*I received this book from the publisher in exchange for an honest review.*
Title: The Hunger
Author: Alma Katsu
Publisher: J. P. Puntam’s Sons
Publication Date: March 6, 2018
Synopsis from Goodreads:
Evil is invisible, and it is everywhere. Tamsen Donner must be a witch. That is the only way to explain the series of misfortunes that have plagued the wagon train known as the Donner Party. Depleted rations, bitter quarrels, and the mysterious death of a little boy have driven the pioneers to the brink of madness. They cannot escape the feeling that someone–or something–is stalking them. Whether it was a curse from the beautiful Tamsen, the choice to follow a disastrous experimental route West, or just plain bad luck–the 90 men, women, and children of the Donner Party are at the brink of one of the deadliest and most disastrous western adventures in American history. While the ill-fated group struggles to survive in the treacherous mountain conditions–searing heat that turns the sand into bubbling stew; snows that freeze the oxen where they stand–evil begins to grow around them, and within them. As members of the party begin to disappear, they must ask themselves “What if there is something waiting in the mountains? Something disturbing and diseased…and very hungry?”
This book is really out of the realm of what I usually read. It’s a historical fiction meets supernatural thriller–a retelling of the story of the Donner party who made the trek across the United States in the 1840s with their hopeful sights set on California as a new land of prosperity. Historically speaking, along the way the party met a series of unfortunate mishaps and ended up stranded through the winter months. A large number of the group died and the remaining members survived by eating their dead. Katsu’s story takes this tragic tale and re-imagines it with a sinister and supernatural twist.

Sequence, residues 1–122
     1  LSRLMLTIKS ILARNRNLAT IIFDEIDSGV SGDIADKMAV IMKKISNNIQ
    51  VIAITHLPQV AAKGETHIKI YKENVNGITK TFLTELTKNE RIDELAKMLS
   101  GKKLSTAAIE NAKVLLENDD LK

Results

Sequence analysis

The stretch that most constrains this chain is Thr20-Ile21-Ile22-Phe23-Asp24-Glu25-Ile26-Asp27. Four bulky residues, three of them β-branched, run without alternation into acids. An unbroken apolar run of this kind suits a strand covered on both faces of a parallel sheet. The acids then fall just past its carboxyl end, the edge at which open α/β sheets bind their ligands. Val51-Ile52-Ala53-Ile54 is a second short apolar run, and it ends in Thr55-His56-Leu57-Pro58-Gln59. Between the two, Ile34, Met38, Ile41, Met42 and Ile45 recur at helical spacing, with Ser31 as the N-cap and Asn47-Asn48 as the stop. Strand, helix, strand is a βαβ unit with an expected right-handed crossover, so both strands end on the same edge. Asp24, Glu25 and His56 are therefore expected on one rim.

I gave this book 4 stars on Goodreads. I really enjoyed the story and it was very well written. Katsu is an imaginative and talented writer and she definitely had me spooked on more than one occasion. I enjoyed that the story was told from the perspectives of multiple characters, giving the reader various voices and a variety of outlooks on the tale as it unfolded. It’s certainly a good ghost story. Characters like George Donner’s wife, Tamsen, and his daughter, Elitha, were incredible intriguing and I would have really loved this book to be told in just their two perspectives. Tamsen is feared for being a witch and Elitha, although she hasn’t told anyone, can hear the voices of the dead. The book blends the characterization with the supernatural plot very well.
What I didn’t love about this story is that I felt that there was so much going on. I know that added plot lines can add to the complexity of the story, but sometimes I did feel like The Hunger did get off track a bit. There’s a lot to take away from the main plot. I felt this to be a bit superfluous and it felt more like a plot device to add to the overall sinister nature of the book. The reader already knows there’s something creepy and sub-human going on that we’re slowly finding out, but adding in more sinister human behaviours–at least to the extent that this book did–was distracting. I do realize it’s meant to lead the reader to believe that the danger could be internal or external to the group, and it’s used to make you question if it’s human or not. I think that this element could have been refined a bit. I don’t want to give away too much but perhaps you’ll see what I mean when you read it.
Anyways, I hope you’ll give it a try. Overall it was an entertaining read and I would recommend this one for sure.